01,01368,2010-12-02,18:54:01,Pass
01,01368,2010-12-03,09:02:00,Pass
01,01368,2010-12-03,13:53:00,Pass
01,01368,2010-12-03,16:07:00,Pass




awk -F , '{if ($4 > "09:10:00") print $2 " was late on", $3 " by coming at ",$4}' test | tee* DaysLate ; wc -l DaysLate

01368 was late on 2010-12-02 by coming at* 10:54:00

01368 was late on 2010-12-02 by coming at* 13:07:04

01368 was late on 2010-12-02 by coming at* 18:54:01

01368 was late on 2010-12-03 by coming at* 13:53:00

01368 was late on 2010-12-03 by coming at* 16:07:00

****** 5 DaysLate


the only thing missing is to find a way to just take the earliest time of each day.

in other words the above output should be:


***** 0 DaysLate # as on 12-02 he came in at 09:07 which is before 09:10 and on 12-03 he came in at 09:02 which is also before the set time




----------------------------------------
> Date: Tue, 21 Dec 2010 14:35:13 -0500
> From: m.roth@5-cent.us
> To: centos@centos.org
> Subject: Re: [CentOS] Text Proccessing script - advice?
>
> John Lundin wrote:
> > On Tue, Dec 21, 2010 at 08:30:43PM +0200, Roland RoLaNd wrote:
> >
> > (chuckle) That's a bit more verbose than necessary. As a one-liner:
> >
> > awk -F, '($4>"09:00:00"){c[$2 "," $3]++};END{for (i in c){print i ","
> > c[i]}}' $filename
> >
>
> Well, yes, but he also wanted a count....
>
> mark
>
> > 01368,2010-12-02,4
> > 01368,2010-12-03,3
> >
> > (You might check if you want >="09:00:00", and include the edge case.)
> >
> > -F, # set separator to comma
> >
> > # (automatic loop over all data lines)
> > ($4>"09:00:00"){ # do if fourth field greater than 09:...
> > c[$2 "," $3]++ # increment hash element pointed to by
> > # second and third fields separated by comma
> > # (that is, hash on id,date)
> >
> > END{ # after finishing the data
> > for (i in c){ # for each observed hash value in array c
> > print i "," c[i] # print the hash value, comma, count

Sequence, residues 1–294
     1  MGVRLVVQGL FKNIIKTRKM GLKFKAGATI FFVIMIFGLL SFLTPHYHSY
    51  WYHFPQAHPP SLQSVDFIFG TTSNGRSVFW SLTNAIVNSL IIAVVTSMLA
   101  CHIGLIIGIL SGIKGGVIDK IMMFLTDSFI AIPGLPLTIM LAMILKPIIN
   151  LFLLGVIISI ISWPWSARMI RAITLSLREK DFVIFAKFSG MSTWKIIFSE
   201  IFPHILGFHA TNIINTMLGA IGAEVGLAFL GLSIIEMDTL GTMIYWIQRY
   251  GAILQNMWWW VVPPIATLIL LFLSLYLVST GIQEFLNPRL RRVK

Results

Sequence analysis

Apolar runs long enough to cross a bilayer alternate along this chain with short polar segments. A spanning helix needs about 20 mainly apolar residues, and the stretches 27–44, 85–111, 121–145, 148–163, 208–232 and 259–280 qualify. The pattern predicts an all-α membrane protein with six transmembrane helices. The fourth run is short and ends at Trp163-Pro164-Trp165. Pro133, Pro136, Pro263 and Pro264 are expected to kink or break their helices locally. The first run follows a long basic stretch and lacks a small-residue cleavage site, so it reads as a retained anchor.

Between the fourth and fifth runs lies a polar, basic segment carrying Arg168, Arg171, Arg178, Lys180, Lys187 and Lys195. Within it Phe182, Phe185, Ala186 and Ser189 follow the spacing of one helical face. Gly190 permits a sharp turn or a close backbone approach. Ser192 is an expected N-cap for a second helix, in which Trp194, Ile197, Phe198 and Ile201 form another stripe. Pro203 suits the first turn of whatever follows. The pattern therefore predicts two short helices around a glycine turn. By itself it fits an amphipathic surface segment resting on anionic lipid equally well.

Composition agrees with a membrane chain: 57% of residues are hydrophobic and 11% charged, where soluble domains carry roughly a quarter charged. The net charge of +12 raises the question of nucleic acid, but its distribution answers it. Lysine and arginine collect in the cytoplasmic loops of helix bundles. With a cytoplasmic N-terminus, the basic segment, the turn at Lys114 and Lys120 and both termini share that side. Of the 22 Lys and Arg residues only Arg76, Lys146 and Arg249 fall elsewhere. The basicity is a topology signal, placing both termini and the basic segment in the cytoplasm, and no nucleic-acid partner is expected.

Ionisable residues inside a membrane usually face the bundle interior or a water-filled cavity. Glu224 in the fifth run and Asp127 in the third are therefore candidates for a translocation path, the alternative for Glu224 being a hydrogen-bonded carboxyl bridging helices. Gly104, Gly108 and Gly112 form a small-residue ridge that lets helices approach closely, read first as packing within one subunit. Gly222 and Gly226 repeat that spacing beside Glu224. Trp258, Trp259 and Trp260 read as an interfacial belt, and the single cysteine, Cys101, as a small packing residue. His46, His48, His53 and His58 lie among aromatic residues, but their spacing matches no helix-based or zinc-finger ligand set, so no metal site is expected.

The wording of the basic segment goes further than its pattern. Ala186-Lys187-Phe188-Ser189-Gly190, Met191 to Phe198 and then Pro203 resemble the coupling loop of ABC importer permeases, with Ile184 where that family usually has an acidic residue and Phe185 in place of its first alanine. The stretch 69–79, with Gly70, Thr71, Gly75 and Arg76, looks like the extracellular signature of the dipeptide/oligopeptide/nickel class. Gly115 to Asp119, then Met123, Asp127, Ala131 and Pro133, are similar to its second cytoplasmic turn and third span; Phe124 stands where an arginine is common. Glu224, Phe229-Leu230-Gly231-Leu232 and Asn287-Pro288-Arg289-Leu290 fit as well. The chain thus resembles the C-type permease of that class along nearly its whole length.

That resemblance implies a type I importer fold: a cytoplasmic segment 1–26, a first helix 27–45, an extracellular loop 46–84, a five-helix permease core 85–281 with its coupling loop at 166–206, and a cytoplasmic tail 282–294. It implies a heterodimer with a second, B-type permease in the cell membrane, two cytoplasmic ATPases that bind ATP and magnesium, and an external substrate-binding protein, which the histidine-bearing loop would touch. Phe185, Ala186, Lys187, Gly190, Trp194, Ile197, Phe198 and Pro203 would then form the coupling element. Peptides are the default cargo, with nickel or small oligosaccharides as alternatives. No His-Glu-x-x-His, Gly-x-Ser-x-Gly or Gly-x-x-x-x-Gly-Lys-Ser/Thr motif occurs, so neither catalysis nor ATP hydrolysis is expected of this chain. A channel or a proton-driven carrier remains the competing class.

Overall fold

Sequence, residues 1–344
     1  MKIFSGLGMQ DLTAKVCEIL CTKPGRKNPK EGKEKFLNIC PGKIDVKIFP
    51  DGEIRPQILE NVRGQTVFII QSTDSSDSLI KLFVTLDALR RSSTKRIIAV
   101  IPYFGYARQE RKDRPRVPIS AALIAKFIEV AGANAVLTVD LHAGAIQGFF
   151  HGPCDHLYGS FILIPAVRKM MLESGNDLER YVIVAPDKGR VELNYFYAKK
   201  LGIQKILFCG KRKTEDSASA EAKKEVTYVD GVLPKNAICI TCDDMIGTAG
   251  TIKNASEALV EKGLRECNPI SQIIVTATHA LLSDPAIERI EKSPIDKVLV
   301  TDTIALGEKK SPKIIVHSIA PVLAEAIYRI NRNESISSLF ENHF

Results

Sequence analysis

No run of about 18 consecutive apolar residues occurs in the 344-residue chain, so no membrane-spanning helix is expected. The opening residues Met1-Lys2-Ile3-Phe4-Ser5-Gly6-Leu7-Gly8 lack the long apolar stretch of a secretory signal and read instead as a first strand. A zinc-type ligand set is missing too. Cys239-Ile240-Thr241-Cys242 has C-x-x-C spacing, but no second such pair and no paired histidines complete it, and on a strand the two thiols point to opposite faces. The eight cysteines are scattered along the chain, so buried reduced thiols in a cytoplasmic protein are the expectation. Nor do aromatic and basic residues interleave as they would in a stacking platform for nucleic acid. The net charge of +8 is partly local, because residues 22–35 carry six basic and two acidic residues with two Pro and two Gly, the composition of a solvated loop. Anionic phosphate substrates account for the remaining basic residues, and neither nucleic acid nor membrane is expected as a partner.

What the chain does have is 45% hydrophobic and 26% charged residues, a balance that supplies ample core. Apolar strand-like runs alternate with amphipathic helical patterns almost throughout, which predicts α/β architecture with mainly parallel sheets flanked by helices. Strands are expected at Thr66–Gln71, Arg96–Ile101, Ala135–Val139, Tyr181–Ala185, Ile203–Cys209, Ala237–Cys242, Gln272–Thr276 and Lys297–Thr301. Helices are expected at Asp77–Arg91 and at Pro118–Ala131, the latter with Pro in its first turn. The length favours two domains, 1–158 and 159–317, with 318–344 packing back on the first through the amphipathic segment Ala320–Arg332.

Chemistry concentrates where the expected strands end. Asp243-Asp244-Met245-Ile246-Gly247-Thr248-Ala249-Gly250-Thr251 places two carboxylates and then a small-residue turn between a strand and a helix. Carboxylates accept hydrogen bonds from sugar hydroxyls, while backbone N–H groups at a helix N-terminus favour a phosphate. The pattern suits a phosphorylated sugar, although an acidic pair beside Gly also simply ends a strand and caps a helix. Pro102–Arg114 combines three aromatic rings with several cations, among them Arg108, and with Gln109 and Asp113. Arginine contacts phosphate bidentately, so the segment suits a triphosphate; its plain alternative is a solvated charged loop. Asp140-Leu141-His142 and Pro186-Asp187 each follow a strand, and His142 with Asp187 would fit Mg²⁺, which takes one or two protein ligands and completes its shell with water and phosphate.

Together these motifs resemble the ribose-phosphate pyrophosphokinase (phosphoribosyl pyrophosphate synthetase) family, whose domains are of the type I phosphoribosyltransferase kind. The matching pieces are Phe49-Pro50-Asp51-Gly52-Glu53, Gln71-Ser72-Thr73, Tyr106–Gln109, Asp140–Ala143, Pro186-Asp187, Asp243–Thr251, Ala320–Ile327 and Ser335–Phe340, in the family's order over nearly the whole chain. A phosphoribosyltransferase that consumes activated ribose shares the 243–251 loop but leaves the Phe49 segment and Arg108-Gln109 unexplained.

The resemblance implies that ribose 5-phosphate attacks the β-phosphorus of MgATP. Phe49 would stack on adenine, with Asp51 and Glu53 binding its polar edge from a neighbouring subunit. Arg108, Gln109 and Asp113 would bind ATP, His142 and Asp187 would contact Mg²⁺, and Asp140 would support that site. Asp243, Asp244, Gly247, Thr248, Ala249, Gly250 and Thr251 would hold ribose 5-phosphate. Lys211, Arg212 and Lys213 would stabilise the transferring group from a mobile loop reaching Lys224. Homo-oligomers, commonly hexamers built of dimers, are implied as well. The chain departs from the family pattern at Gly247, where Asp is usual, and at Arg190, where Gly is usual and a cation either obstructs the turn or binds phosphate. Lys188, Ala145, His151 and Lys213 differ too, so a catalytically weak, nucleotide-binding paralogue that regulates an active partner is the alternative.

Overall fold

> >
> > --
> > lundin@fini.net
> > _______________________________________________
> > CentOS mailing list
> > CentOS@centos.org
> > http://lists.centos.org/mailman/listinfo/centos
> >
>
>
> _______________________________________________
> CentOS mailing list
> CentOS@centos.org
> http://lists.centos.org/mailman/listinfo/centos

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Old 12-21-2010, 06:54 PM
Les Mikesell
 
Default Text Proccessing script - advice?

On 12/21/2010 1:40 PM, Roland RoLaNd wrote:
>
>
>
> awk -F , '{if ($4> "09:10:00") print $2 " was late on", $3 " by coming at ",$4}' test | tee DaysLate ; wc -l DaysLate
>
> 01368 was late on 2010-12-02 by coming at 10:54:00
>
> 01368 was late on 2010-12-02 by coming at 13:07:04
>
> 01368 was late on 2010-12-02 by coming at 18:54:01
>
> 01368 was late on 2010-12-03 by coming at 13:53:00
>
> 01368 was late on 2010-12-03 by coming at 16:07:00
>
> 5 DaysLate

On my calendar 12-02 and 12-03 are only 2 days...

--
Les Mikesell
lesmikesell@gmail.com



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Old 12-21-2010, 06:58 PM
Roland RoLaNd
 
Default Text Proccessing script - advice?

Exactly, hence:

Quote:
the only thing missing is to find a way to just take the earliest time of each day.

in other words the above output should be:


***** 0 DaysLate

----------------------------------------
> Date: Tue, 21 Dec 2010 13:54:41 -0600
> From: lesmikesell@gmail.com
> To: centos@centos.org
> Subject: Re: [CentOS] Text Proccessing script - advice?
>
> On 12/21/2010 1:40 PM, Roland RoLaNd wrote:
> >
> >
> >
> > awk -F , '{if ($4> "09:10:00") print $2 " was late on", $3 " by coming at ",$4}' test | tee DaysLate ; wc -l DaysLate
> >
> > 01368 was late on 2010-12-02 by coming at 10:54:00
> >
> > 01368 was late on 2010-12-02 by coming at 13:07:04
> >
> > 01368 was late on 2010-12-02 by coming at 18:54:01
> >
> > 01368 was late on 2010-12-03 by coming at 13:53:00
> >
> > 01368 was late on 2010-12-03 by coming at 16:07:00
> >
> > 5 DaysLate
>
> On my calendar 12-02 and 12-03 are only 2 days...
>
> --
> Les Mikesell
> lesmikesell@gmail.com
>
>
>
> _______________________________________________
> CentOS mailing list
> CentOS@centos.org
> http://lists.centos.org/mailman/listinfo/centos